Scientists Have Created Synthetic Life From Scratch
Creators say that the human-designed "minimal genome" bacterium is the "start of a new era" of synthetic biology.
Scientists in California have created a cell with a "minimal" genome.
It has already revealed lots that we don't know about how life works. It could transform how we make things like medicines.
The researchers have taken the genes of a natural cell, modelled them on a computer, and stripped them out bit by bit until they just had the genes that were essential for life.
In a study published in Science, Dr Craig Venter and his team at Synthetic Genomics Inc show that they have redesigned the genome of a bacterium called Mycoplasma mycoides, stripping it back to just 473 different genes, down from about 900 in naturally occurring ones. For comparison, the human genome has about 20,000 to 25,000 genes.
It shows that it's possible to create entirely new, artificial genomes. And that means that scientists may be able to design bespoke bacteria which can churn out huge quantities of industrial chemicals, medicines and other substances we need.
The team has created artificial cells before, but this is the first time they've made their own, computer-designed genome for it.
In 2010, Venter and his colleagues sequenced the genome of M. mycoides. They then recreated that genome, and placed it in another bacterial cell, which grew as though it were M. mycoides.
However, the new study is different. They didn't just copy a ready-made genome – they redesigned one. "It's really exciting. The previous one was not really creating a life from scratch, it was more like a DNA transplant," Dr Ying Zhang, a researcher at Nottingham University's Synthetic Biology Research Centre who is not involved in the research, told BuzzFeed News. "This one can almost be called man-made life, rather than cheating a bit."
The team took the genome from their 2010 cell and divided it up into eight segments. Then they re-inserted each of the eight segments, one by one, into the genome, so they could test them, bring them back out again, and strip out genes until no more could be removed without the cell breaking down. The process took five years.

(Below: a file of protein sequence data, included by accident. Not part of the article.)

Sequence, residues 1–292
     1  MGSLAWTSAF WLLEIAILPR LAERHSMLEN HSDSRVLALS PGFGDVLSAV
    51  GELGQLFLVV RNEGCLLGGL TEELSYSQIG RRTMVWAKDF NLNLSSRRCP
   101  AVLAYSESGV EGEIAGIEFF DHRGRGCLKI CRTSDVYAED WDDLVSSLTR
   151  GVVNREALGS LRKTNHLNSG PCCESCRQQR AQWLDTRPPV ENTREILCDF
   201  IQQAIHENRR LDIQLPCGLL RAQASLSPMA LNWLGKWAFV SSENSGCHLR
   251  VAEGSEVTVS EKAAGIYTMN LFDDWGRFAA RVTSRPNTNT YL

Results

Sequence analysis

They've made the simplest cell known to humanity.
The original 2010 cell the team started with had 912 genes. One species of Mycoplasma has just 525 genes. This one is smaller still – the smallest genome of any known self-replicating cell.
But it's not the smallest possible genome that would make a reproducing cell. "It's a minimal genome, not the minimal genome," Venter told a press conference ahead of publication. "We had to produce something that grew fast enough to be a useful experimental model. It would probably have taken another five years if we hadn't insisted on rapid growth."
The process has thrown up a few surprises. For instance, there are a lot more "essential genes" than people realised, and scientists only know what two thirds of them do.
Venter said that, 20 years ago when they first started working on the synthetic genome project, it was thought that there would be between 250 and 300 essential genes. Instead, they couldn't get it below 473. And of those, 31% have unknown functions.
It also showed that what exactly counts as an "essential" gene is not straightforward. "When you knock out a gene from an organism, if the cell survives, you label it non-essential," said Venter. But that led to problems – lots of times, there were genes that seemed non-essential, but in fact were one of a pair. The cell could survive without either one, but not without both.
"It's like saying if you look at a 777, you could remove the engine from the right wing and the airplane can still fly and land, so it's non-essential," says Venter. "But you don't realise it's essential until you remove the second one."
As well as what it's taught scientists about the cell, it also has potentially major practical applications, for industry and medicine and agriculture.
"Right now, we can delete genes, insert genes, give a cell a new function," says Zhang. "But that's on a small scale.
"This is a first step to saying we can manipulate DNA on a much larger scale, hundreds of genes." That means, she says, creating bacteria that can churn out complex chemicals in huge quantities, because bacteria are much better at doing biochemistry than we are.
Dr Dan Gibson, one of the researchers on the team, told the press conference that the minimal genome "will be a very useful chassis for many industrial processes, for agriculture and medicine", because you can design bacterial cells which are maximally efficient for producing the chemicals you want.
"In theory," Venter said, "we could add gene sets and change this genome and essentially create any organism, eventually."
There's a long way to go from here to there, though.
"It's the start of a new era, but it won't happen overnight," said Gibson. That's partly because M. mycoides has been chosen because it's simple, not because it's chemically useful. "It's not an everyday lab strain that industry will be looking to use," said Zhang. "The next step will be to look to other bacteria like E. coli, to make it more streamlined, grow it faster in certain conditions to adapt to its industrial needs. You want it to be useful, to have some applications."